"as" for global xsl:param / ...

2012-03-21
2012-10-08
  • Phil Pfeiffer
    Phil Pfeiffer
    2012-03-21

    Apologies for not posting this to dev.saxonica.com/community, but the site
    appears to be down this evening.

    Am I mistaken, or should it be possible to use an "as" clause to constrain the
    type of a command-line-supplied XSLT program parameter? I've just tried to
    write
    <xsl:param name="level" as="xs:nonNegativeInteger" select="xs:nonNegativeInteger(1)"/>
    as a top-level statement instead of the usual
    <xsl:param name="level" select="1"/>
    in the hope of leveraging a run-time "as" check in order to simplify
    <xsl:template match="/">
    <xsl:choose>
    <xsl:when test="$level castable as xs:nonNegativeInteger" ?<br="">... do the desired thing ...
    </xsl:when>
    <xsl:otherwise>
    ...complain...
    </xsl:otherwise>
    <xsl:choose>
    </xsl:template>
    to
    <xsl:template match="/">
    .... do the desired thing ...
    </xsl:template>

    Basically, this doesn't work. If (e.g.) I set "level" to "one", the run-time
    system fails to fail when my program starts. Instead, it generates a series of
    complaints (recoverable errors) about "one" not being convertable to an
    integer.

    One other point about this logic puzzles me, as well. Why is it necessary to
    explicitly cast 1 as a datum of type xs:nonNegativeInteger when you specify an
    "as" clause of "xs:nonNegativeInteger"? This is one place where I'd want a
    language to do a coercion on my behalf, since there's no possible loss of
    precision that results from "downcasting" xs:integer(1) to
    xs:nonNegativeInteger(1).

    -- Phil

     
  • Michael Kay
    Michael Kay
    2012-03-21

    Sorry for the prolonged downtime on the dev.saxonica.com site. We've rebuilt
    the server after a security breach but restoring the data has been taking
    longer than expected.

    I'm afraid the use of types like xs:nonNegativeInteger isn't very satisfactory
    in XSLT/XQuery. During the development of the language, I argued in favour of
    these being treated like predicates ("check that the integer is non-negative")
    but those who know a lot more about the theory of programming language type
    systems than I do, people like Phil Wadler, were very insistent that the type
    should be a label associated with the instance - "named typing" versus
    "structural typing" - so an integer is only a nonNegativeInteger if it is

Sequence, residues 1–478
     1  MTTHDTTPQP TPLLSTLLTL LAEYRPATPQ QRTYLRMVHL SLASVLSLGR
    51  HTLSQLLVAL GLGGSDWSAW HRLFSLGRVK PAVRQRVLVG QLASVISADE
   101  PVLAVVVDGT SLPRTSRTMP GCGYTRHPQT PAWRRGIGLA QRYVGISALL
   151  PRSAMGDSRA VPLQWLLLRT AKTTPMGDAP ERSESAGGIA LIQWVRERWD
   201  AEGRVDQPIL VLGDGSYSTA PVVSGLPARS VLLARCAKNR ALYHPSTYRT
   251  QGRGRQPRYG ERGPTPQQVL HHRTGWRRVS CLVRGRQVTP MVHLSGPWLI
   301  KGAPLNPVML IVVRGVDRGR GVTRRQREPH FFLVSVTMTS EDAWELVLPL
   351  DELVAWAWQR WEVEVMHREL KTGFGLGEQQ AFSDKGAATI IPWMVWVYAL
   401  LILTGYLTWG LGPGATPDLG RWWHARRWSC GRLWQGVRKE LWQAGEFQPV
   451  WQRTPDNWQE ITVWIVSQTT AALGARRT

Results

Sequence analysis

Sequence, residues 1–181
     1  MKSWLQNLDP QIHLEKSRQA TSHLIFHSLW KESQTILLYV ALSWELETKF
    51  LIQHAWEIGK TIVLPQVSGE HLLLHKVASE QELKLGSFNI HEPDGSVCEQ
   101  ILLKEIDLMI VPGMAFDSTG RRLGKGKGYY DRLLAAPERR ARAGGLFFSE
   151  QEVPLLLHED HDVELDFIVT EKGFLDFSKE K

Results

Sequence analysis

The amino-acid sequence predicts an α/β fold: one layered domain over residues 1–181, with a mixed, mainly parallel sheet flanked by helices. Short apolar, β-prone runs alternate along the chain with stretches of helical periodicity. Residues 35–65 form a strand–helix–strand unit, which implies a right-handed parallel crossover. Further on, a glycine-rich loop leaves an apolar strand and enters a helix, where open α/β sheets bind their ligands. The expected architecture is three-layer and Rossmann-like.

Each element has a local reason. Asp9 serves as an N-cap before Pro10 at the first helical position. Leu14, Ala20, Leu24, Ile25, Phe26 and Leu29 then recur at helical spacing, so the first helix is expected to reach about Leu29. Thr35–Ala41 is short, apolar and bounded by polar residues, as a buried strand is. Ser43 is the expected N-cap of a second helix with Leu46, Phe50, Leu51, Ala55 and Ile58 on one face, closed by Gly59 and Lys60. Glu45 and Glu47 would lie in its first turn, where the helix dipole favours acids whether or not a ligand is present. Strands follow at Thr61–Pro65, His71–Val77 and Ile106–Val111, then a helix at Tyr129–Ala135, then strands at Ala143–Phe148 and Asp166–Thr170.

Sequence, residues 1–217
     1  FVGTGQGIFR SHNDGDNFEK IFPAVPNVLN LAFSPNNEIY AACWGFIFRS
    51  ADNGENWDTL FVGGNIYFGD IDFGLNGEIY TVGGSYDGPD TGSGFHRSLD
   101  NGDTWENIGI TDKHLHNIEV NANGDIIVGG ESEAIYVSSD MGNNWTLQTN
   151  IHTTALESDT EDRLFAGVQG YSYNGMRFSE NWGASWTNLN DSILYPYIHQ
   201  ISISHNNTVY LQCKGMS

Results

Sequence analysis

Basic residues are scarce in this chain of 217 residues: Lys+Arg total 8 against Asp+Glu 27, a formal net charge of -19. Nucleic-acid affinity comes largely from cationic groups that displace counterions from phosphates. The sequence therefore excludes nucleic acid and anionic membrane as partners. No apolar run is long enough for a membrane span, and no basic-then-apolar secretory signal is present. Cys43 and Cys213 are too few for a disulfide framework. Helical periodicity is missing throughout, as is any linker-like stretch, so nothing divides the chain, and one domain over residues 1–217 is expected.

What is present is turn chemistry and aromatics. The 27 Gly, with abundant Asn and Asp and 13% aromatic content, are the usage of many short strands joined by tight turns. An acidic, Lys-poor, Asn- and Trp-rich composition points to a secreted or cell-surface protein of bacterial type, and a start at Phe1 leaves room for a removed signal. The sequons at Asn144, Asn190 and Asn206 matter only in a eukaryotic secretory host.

labelled as such. I agree with you that automatic downcasting of an xs:integer
    to an xs:nonNegativeInteger would make much more sense here. The one time you
    do get automatic casting, however, is if you supply an untypedAtomic value.

    However, on your first point, it's not obvious to me why the errors ("one" not
    being convertible) are treated as recoverable. Perhaps it's because you are
    using the value in a pattern - all errors during pattern matching are
    recoverable. Otherwise, I would need to see more detail on exactly what you
    are doing.

     
  • Phil Pfeiffer
    Phil Pfeiffer
    2012-03-23

    Thanks for replying as well as for the news about dev.saxonica.com.

    I was indeed using $level in a pattern, as part of a "match" attribute that
    counts a node's ancestors. It's part of a simple code that I was creating for
    a senior-level class on XML: a program that reverses elements at level n of a
    document for a user-specified n. The application will still make for an
    interesting discussion, now that I understand this point about recovering from
    type failures in patterns: the failure to enforce the "as" condition on $level
    on program entry would seem to be consistent with lazy evaluation.

    As for the point about typing, the comment about limiting type inference to
    what's provided by named typing is indeed helpful: thank you. Wadler's point,
    I would guess, would be that trying to accommodate special-case downcasting in
    a language that's already as rich as XSLT 2.0 would make the language that
    much harder to implement. Something else to tell my students...

    Appreciatively,

    -- Phil